24:03
have that have different mode
24:03
s, but I think, you know, the
24:06
he dominant one is doer sell
24:06
r. I say that, I think it is a
24:10  Ayo Abbas
I think when I worked
24:10
in-house a lot where people
24:10
good model, as long as we are
24:10
ery clear about its stre
24:14
gths and its weaknesses. And
24:14
he strengths are that the peop
24:17
e who are selling, they know
24:17
the work, they can speak very
24:19
specifically to the what it take
24:19
to get a building built or,
24:24
r to get a masterplan crea
24:24
ed and adopted. But its weak
24:32
esses are, there are two prim
24:32
ry weaknesses. And that to me i
24:34
bandwidth. And, like time, and
24:34
he competency and comfort and
24:42
onfidence in the seller aspe
24:42
t of it. And so if you don'
24:49
address those two, then then
24:49
the model doesn't work. So that
24:54
s also what we're having conv
24:54
rsations about here is what can
24:57
e do to be very open and hones
24:57
about bandwidth? And how much t
25:04
me should people be spending on
25:04
it and doing what? And then
25:07
the competence competency and
25:07
and confidence in how how do you
25:13
make sure that people feel pr
25:13
pped and ready to go and that do
25:19
sn't just mean that they have
25:19
like a marketing brochure in ha
25:22
d. I think that's the other chal
25:22
enge is that people don't fee
25:27
ready until someone has giv
25:27
n them a deck and then like ok
25:30
y now I'm just gonna go out I h
25:30
ve this deck I can now I'm re
25:32
dy but that's that's half th
25:32
battle right? Yeah, I mean,
25:36
hat's not necessary but not suf
25:36
icent.
25:45
would go I really need a
25:45
brochure before I have a
25:46
brochure I can't really do BD or
25:46
I can't really have that
25:49
conversation and you like you
25:49
could just pick up the phone.
25:55
But it is isn't it and I think
25:55
it's a bit of a crutch in a way
25:58
that people are kind of like oh
25:58
I need this before I can do
26:00
this. And it's like actually you
26:00
could just have a conversation
26:03
on what you've just read or you
26:03
could just share an article that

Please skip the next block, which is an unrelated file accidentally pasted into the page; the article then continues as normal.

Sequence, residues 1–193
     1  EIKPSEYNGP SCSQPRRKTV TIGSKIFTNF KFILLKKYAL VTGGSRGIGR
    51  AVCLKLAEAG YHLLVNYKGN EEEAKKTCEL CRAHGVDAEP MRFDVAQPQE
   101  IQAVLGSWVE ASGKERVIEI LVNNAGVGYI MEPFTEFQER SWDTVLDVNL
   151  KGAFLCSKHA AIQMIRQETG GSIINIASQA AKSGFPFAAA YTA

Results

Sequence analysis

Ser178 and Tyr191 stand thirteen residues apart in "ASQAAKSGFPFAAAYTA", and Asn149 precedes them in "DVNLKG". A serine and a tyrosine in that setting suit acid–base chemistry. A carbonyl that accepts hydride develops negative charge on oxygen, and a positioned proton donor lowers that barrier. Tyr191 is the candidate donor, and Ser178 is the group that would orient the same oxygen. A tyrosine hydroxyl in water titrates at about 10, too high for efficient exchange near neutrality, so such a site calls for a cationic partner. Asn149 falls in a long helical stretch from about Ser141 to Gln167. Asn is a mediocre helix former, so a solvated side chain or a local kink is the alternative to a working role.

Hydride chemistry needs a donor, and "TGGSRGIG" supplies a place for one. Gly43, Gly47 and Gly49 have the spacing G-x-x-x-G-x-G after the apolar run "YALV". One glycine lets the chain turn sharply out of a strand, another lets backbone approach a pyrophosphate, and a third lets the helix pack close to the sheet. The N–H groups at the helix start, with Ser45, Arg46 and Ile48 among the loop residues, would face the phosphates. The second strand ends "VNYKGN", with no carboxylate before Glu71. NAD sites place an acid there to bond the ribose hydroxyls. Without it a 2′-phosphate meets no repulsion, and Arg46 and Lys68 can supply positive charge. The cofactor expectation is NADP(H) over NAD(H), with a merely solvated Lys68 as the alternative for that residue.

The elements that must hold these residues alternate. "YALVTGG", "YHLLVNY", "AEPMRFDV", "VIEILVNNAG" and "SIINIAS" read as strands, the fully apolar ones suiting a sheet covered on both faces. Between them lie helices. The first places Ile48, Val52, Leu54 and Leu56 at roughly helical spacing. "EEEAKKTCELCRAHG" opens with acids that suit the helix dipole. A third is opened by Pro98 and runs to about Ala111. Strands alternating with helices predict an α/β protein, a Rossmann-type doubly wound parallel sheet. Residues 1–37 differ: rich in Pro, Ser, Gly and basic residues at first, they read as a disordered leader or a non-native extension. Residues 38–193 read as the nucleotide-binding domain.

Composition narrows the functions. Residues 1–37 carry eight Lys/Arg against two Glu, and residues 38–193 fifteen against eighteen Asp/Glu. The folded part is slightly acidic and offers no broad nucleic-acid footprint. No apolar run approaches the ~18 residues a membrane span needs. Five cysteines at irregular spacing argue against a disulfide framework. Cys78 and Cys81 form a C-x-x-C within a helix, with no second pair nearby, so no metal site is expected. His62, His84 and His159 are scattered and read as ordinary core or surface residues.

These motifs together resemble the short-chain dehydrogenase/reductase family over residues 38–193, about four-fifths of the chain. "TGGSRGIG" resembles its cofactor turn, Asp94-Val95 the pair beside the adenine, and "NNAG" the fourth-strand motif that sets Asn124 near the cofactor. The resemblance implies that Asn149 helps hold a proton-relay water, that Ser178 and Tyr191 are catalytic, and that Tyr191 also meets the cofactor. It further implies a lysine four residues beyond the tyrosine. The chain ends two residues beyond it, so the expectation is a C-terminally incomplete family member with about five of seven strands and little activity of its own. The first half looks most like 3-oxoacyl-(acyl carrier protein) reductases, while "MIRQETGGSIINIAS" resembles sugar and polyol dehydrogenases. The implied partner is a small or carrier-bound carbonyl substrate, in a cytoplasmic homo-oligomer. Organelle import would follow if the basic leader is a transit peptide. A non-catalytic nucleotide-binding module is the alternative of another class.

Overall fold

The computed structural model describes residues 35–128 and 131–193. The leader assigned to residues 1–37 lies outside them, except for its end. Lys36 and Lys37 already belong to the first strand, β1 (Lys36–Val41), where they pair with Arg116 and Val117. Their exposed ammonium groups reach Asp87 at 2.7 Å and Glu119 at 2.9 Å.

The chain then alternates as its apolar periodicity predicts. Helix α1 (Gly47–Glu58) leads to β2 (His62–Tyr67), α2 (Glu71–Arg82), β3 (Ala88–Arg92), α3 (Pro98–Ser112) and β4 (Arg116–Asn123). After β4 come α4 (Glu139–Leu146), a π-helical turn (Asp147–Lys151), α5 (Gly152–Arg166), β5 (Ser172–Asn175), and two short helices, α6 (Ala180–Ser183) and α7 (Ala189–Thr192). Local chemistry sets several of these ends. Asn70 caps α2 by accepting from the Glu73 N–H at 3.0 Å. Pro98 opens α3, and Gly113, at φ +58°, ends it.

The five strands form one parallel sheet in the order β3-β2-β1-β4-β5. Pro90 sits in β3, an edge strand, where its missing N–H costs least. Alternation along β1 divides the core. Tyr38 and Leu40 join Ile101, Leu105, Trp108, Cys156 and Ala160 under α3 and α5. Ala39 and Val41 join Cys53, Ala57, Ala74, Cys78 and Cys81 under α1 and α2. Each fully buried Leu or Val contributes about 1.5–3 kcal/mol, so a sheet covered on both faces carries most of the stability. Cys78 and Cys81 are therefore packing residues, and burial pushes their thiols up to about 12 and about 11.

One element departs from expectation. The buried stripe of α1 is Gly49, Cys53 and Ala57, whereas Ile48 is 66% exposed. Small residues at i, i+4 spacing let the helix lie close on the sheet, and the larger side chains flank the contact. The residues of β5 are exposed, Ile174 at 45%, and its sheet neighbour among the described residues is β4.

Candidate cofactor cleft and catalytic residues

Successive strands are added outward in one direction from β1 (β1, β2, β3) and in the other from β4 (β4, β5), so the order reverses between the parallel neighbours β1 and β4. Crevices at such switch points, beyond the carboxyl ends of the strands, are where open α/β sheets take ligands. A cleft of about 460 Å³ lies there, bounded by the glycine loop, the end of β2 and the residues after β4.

26:05
you've seen or there's lots of
26:05
kind of different things you
26:08
could be doing which could be
26:08
classed as BD but I think that
26:12
traditional I've got something
26:12
in my hand that can go out now
26:15
to somebody which is Yeah, I
26:15
think it's that emotional thing
26:19
as well.
26:20  Iben Falconer
Yeah, I do think
26:20
it becomes it can become a
26:22
crutch. And also I you know I
26:22
think about you know when I'm
26:28
having conversations with my
26:28
colleagues about this it's not
26:33
fair because they are they are
26:33
deeply expert in what they do
26:38
for a living. So, it's very
26:38
important to me to never be seen
26:42
as dismissive of their concerns
26:42
or like I don't care I'll just
26:47
buck up and just go do it just
26:47
call someone. But to really
26:50
understand like psychologically
26:50
like what is what is holding you
26:55
back and let's let's talk about
26:55
that. Yeah, so it's a little bit
26:57
like being a I guess a coach or
26:57
like a peer. That's an important
27:04
role that I want to play for my
27:04
colleagues at SOM just as I
27:06
would say, if I ever had a
27:06
question about how you design a
27:10
building. I want to be able to
27:10
go to them and have them explain
27:13
to me Oh, you know, this is if
27:13
there's a certain building type
27:17
that I want to understand I want
27:17
to be able to have that
27:19
conversation where they explain
27:19
it to me. And similarly I want
27:22
them to come to me where if
27:22
there's anything that they have
27:24
concerns or questions about. To
27:24
equip people not only with you
27:31
know, good thoughtful marketing
27:31
collateral, but also the
27:34
recognition that as human beings
27:34
they already have a lot of the
27:38
qualities that it would take to
27:38
be effective at business
27:42
development. Especially as
27:42
designers I mean, this is the
27:44
thing that always blows my mind
27:44
is that design Okay, some there
27:48
are some egomaniac designers out